7 Amazing Health Benefits of Sprinting You Should Know


From the outside, sprinting seems like one of the most challenging exercises you can do. Many people, including experienced runners, think sprinting should be left to Olympians. 

However, sprinting can be enjoyable for runners at all levels. Moreover, it can provide you with many health and other benefits. 

What are the benefits of sprinting? Keep reading to find out.

What Is Sprinting?

To start, you must understand what exactly sprinting is. 

Sprinting is running short distances at top speed for a limited time. In the Olympics, you may see sprints ranging from 100 meters to 400 meters.

For the average leisurely sprinter, sprint intervals should last from 20 to 30 seconds to get the maximum benefits from the exercise. Let’s discuss what exactly the advantages of sprint training are. 

Female runner sprinting down dirt path into sunshine

Top Health Benefits of Sprinting

When you start sprinting, it may seem uncomfortable and even extremely hard. While there is some discomfort to get used to initially, it leads to some long-lasting benefits, especially for your health. 

From improving your overall performance to strengthening your heart health, there is a long list of benefits when it comes to sprint training. Let’s take a look at the top seven benefits of sprinting. 

1. Strengthen Heart Health

The first benefit of sprinting is that it improves heart health.

Cardio, in general, is indeed good for your heart due to the increase in heart rate; the interval training required in sprinting may also benefit your cardiovascular system.

Here’s how sprinting specifically affects your heart:

  • Strengthens heart muscles
  • Lowers blood pressure
  • Lowers resting heart rate
  • Improves cholesterol

2. Improve Your Metabolism

Sprinting is a great way to boost your metabolism and burn more calories throughout the day – even when you aren’t exercising. 

Sprinting burns more calories than jogging or running, but you can only sprint for a limited time. However, the effects of sprinting have a much longer duration than those of jogging.

You’ll be burning energy long after your sprint is over, as sprinting requires a lot of calories to recover. As a result, you’ll gain a metabolism boost and spend more energy even at rest. 

3. Achieve More in Less Time

The next benefit of sprinting isn’t necessarily a health benefit but substantially plays into health: it allows you to accomplish more in less time.

As mentioned, sprinting is a form of interval training, which means you’ll get an intense workout in less time than required to achieve the same results from a moderate workout.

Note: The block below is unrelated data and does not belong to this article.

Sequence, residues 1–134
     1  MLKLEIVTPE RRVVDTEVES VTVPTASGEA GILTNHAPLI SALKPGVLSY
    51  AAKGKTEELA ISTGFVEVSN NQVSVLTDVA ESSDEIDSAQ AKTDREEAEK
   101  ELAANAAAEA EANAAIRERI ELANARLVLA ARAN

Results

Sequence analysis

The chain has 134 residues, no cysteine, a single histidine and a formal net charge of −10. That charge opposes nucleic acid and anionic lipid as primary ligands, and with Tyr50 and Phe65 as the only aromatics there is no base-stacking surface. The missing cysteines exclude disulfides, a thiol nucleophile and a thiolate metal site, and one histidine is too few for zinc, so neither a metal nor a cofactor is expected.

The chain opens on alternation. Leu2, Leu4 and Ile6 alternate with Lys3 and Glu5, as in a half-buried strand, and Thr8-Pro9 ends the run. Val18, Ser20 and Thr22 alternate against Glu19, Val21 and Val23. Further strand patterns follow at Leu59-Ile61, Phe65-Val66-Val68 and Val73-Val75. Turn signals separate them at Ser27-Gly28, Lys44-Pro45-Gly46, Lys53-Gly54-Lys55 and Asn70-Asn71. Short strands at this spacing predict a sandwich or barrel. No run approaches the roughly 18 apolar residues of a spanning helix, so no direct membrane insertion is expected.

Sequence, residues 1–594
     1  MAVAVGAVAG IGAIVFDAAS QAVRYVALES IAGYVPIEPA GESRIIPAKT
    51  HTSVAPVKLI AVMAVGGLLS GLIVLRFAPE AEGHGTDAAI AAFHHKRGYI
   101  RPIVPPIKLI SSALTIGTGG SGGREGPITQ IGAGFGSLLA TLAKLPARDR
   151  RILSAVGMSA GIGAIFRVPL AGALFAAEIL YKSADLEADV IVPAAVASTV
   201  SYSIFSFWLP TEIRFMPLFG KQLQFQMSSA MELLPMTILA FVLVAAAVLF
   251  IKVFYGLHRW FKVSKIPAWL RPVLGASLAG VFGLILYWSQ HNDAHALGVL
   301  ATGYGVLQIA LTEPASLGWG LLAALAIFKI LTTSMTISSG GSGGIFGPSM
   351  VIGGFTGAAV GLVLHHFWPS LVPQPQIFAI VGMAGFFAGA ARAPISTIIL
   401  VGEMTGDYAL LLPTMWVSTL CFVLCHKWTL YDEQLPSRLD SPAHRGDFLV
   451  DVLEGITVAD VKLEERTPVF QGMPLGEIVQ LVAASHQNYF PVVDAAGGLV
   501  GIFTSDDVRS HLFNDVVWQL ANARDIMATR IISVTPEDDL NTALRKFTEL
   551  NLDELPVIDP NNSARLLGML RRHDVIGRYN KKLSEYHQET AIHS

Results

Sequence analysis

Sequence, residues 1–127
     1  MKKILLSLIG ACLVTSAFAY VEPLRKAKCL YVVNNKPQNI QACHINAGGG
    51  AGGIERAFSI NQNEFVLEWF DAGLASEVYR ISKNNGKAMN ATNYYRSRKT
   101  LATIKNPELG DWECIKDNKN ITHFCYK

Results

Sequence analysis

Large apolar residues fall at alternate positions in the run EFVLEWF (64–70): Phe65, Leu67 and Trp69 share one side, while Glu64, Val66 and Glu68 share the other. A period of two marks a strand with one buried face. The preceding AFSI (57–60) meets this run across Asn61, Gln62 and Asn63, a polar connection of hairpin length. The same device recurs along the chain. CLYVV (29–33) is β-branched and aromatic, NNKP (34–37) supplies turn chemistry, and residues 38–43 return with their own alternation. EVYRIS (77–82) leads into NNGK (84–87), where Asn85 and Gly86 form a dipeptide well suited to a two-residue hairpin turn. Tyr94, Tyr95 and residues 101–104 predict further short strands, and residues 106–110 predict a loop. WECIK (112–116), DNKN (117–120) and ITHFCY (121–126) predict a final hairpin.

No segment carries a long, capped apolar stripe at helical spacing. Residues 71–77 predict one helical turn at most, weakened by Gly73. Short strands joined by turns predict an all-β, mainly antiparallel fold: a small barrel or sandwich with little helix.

When you require less time to work out, this may allow you to fit it into your schedule better or even motivate you to work out more. As a result, your overall health will improve.

4. Improve Your Running Endurance

For many runners, one of their top priorities is to improve endurance. If that is the case, adding sprints to your training is a good idea, according to a 2018 study.

The reason for this is that sprinting builds muscle mass in your legs, as well as increases your heart rate. This combination improves your overall running performance, which translates into your endurance. You’ll find that you run more efficiently and can run farther on your run. 

Man in shorts and tank top sprinting down the middle of the road at daybreak

5. Better Manage Your Running Pace

The next benefit of sprinting is that it improves your running pace by allowing you to manage your speed better.

Logically, when you become more used to running at a fast pace, you’ll start running at that faster pace much more easily. This is even the case with sprints, which generally last no more than 30 seconds.

This is because you’ll find that your endurance improves. You’ll soon discover that you can maintain a slower pace for longer and that a regular running pace that you used to find challenging now becomes easy.

6. Slow Signs of Aging

As mentioned, sprinting helps you build more muscle, essential for combating the signs of aging and maintaining your body’s health. 

Better yet, sprinting also slows the deterioration of your bones and provides you with a higher bone density thanks to the intensive nature of the activity, which makes it a weight-bearing exercise, providing some similar results to weight training. 

The best part is that, as long as you’re relatively healthy, you’re never too old to start sprinting and reaping the numerous health benefits. 

7. Improve Body Composition

The last benefit of sprinting is that it helps improve body composition.

You’ll see significant changes in your body when you build muscle through sprinting. The best way to see this change is to convert fat into muscle. Sprinting helps that happen.

When paired with a balanced diet, sprinting leaves you with a lot of muscle and less excess fat, which is a significant win for your health. 

Wrap-Up: Find Joy in Sprinting

Sprinting may seem like a daunting upgrade from running, but it is, in fact, a fun experience with several benefits. 

Whether you’re looking to improve your health or boost your performance, there are many reasons why it’s worth considering adding sprinting to your training.

author avatar
Josh Jacobson

Leave a Comment

Your email address will not be published. Required fields are marked *

Scroll to Top